Co-occurring substance abuse problems and mental health issues are more common than people realize. According to the Journal of American Medical Association, rougly 50 percent of individuals with severe mental disorders are affected by substance abuse, 37 percent of alcohol abusers and 53 percent of drug abusers also have at least one serious mental health illness, and of all those diagnosed as mentally ill, 29 percent abuse alcohol or drugs. These statistics are alarming and there seems to be a link between these two conditions.
Substance abuse and mental health doesn't heal on its own and can get worse if left ignored. This is why it's important to find the right support, self-help, and treatment to overcome these illnesses to reclaim your sense of self and get your life back on track.
Here is a quick questionaire to help spot the signs of substance abuse problems. The more you answer "yes" the more likely drinking and drugs have been an issue:
- Have you ever felt you should cut down on your drinking or drug use?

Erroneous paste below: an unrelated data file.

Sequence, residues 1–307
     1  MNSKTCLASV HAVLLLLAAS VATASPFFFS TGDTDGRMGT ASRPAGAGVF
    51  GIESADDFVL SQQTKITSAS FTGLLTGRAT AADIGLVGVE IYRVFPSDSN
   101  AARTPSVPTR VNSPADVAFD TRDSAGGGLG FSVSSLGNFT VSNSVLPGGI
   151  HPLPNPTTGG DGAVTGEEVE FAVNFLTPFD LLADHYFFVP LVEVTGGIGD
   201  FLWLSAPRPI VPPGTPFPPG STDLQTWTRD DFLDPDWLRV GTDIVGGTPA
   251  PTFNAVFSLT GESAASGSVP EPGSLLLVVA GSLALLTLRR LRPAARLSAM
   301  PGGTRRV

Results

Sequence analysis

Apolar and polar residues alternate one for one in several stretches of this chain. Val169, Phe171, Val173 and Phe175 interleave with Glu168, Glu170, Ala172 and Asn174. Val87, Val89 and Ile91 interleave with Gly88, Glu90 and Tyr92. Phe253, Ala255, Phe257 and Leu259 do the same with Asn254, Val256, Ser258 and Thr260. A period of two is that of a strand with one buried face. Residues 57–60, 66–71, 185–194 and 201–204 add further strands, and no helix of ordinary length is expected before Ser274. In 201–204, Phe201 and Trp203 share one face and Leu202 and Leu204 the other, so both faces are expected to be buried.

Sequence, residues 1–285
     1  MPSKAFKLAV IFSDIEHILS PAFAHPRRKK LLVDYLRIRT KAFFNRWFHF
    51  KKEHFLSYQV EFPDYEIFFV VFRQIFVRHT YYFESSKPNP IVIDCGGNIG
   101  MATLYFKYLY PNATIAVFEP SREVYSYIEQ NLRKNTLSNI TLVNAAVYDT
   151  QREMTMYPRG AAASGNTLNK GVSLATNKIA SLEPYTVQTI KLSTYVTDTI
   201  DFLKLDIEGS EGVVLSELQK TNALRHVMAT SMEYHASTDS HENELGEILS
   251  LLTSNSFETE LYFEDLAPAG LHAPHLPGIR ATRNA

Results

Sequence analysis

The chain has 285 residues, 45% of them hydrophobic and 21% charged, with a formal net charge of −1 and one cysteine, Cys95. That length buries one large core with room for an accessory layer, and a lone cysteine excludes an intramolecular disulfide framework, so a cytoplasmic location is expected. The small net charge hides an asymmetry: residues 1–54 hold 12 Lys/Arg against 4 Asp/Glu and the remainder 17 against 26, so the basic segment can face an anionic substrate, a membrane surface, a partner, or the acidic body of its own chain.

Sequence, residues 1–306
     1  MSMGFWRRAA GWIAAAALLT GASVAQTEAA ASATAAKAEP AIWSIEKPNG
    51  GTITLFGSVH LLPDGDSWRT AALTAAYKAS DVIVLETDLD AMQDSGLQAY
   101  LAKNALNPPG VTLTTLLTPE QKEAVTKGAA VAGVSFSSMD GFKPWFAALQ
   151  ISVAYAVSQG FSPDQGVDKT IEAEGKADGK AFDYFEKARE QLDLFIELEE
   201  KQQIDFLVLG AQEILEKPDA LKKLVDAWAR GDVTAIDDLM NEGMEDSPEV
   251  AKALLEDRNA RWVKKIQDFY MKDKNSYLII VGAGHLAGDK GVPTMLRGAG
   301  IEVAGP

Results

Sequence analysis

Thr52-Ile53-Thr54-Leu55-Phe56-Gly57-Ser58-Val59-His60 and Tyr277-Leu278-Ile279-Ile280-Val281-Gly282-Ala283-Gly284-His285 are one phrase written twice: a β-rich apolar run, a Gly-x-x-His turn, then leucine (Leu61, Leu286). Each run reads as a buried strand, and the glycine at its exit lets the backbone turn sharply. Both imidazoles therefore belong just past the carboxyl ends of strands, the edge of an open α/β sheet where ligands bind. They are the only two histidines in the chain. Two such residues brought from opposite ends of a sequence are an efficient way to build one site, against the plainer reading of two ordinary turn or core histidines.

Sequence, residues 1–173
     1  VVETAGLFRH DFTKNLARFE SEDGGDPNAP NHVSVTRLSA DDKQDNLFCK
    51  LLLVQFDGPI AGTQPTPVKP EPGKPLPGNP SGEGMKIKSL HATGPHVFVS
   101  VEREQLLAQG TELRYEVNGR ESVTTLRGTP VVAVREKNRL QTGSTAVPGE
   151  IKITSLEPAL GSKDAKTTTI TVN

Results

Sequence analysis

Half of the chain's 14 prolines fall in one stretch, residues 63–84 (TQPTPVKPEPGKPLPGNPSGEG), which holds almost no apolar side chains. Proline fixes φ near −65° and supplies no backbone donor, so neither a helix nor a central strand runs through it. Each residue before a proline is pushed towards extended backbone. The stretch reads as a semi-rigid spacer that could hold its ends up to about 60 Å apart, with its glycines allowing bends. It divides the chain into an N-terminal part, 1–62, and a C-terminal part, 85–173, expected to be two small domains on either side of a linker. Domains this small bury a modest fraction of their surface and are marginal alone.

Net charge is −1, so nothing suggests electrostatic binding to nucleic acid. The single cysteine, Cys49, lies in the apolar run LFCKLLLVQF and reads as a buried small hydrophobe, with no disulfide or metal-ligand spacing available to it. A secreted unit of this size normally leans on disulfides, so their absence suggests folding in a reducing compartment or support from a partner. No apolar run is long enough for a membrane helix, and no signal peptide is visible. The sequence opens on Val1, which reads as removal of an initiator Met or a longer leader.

- Do you need to use more and more drugs or alcohol to attain the same effects on your mood or outlook?
- Have you tried to cut back, but couldn’t?
- Do you lie about how much or how often you drink or use drugs?
- Are you going through prescription medication at a faster-than-expected rate?
- Have your friends or family members expressed concern about your alcohol or drug use?
- Do you ever feel bad, guilty, or ashamed about your drinking or drug use?
- Have you done or said things while drunk or high that you later regretted?
- Has your alcohol or drug use caused problems at work, school, or in your relationships?
- Has your alcohol or drug use gotten you into trouble with the law?
Fortunately, there is hope. Both mood disoders and drug abuse and alcohol abuse issues can be treated but it takes a lot of time, commitment, and courage but people with co-occuring disorders can and do get better. It is also important to stay sober while receiving treatment. Mixing alcohol with drugs can be extremely harmful and attending therapy while under the influence makes it far less effective. It also can be discourging to relapse but it is also all part of the recovery process. Most people learn and move on during their pathway to recovery. Finally peer surrport does help. Many individuals benefit from attending peer led groups such as Alcoholic Anonymous or Narcatics Anonymous. This gives them a change to lean on others who understand exactly what they are going through and learn from their experiences.
If you need more help finding help of to get more information give us a call at (714) 867-7037.